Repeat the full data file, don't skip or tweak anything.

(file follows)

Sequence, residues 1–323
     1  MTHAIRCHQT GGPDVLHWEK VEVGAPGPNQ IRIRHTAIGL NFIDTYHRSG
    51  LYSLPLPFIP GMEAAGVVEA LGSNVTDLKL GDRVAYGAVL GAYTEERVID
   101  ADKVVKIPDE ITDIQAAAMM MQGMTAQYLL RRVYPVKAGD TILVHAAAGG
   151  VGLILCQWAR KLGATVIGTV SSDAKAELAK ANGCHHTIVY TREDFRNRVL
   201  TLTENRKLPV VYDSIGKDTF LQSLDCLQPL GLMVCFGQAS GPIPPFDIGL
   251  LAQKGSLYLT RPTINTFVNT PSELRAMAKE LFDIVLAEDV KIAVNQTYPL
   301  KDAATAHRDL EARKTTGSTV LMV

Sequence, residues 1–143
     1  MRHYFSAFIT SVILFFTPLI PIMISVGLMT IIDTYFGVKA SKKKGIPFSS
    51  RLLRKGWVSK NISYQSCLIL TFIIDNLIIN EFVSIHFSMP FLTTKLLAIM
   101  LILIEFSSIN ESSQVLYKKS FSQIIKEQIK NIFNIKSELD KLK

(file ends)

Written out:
Sequence, residues 1–323
     1  MTHAIRCHQT GGPDVLHWEK VEVGAPGPNQ IRIRHTAIGL NFIDTYHRSG
    51  LYSLPLPFIP GMEAAGVVEA LGSNVTDLKL GDRVAYGAVL GAYTEERVID
   101  ADKVVKIPDE ITDIQAAAMM MQGMTAQYLL RRVYPVKAGD TILVHAAAGG
   151  VGLILCQWAR KLGATVIGTV SSDAKAELAK ANGCHHTIVY TREDFRNRVL
   201  TLTENRKLPV VYDSIGKDTF LQSLDCLQPL GLMVCFGQAS GPIPPFDIGL
   251  LAQKGSLYLT RPTINTFVNT PSELRAMAKE LFDIVLAEDV KIAVNQTYPL
   301  KDAATAHRDL EARKTTGSTV LMV

Sequence, residues 1–143
     1  MRHYFSAFIT SVILFFTPLI PIMISVGLMT IIDTYFGVKA SKKKGIPFSS
    51  RLLRKGWVSK NISYQSCLIL TFIIDNLIIN EFVSIHFSMP FLTTKLLAIM
   101  LILIEFSSIN ESSQVLYKKS FSQIIKEQIK NIFNIKSELD KLK